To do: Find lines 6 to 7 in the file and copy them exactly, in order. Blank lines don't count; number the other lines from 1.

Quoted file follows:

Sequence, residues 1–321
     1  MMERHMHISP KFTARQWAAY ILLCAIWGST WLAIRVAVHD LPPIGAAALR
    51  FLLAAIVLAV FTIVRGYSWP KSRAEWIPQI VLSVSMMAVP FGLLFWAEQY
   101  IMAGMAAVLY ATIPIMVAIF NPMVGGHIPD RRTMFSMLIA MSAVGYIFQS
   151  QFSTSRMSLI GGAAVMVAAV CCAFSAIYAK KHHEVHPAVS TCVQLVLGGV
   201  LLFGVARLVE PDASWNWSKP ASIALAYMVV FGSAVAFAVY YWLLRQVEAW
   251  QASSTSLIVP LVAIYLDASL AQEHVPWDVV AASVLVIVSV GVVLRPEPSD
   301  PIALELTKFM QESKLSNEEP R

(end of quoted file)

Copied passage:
   201  LLFGVARLVE PDASWNWSKP ASIALAYMVV FGSAVAFAVY YWLLRQVEAW
   251  QASSTSLIVP LVAIYLDASL AQEHVPWDVV AASVLVIVSV GVVLRPEPSD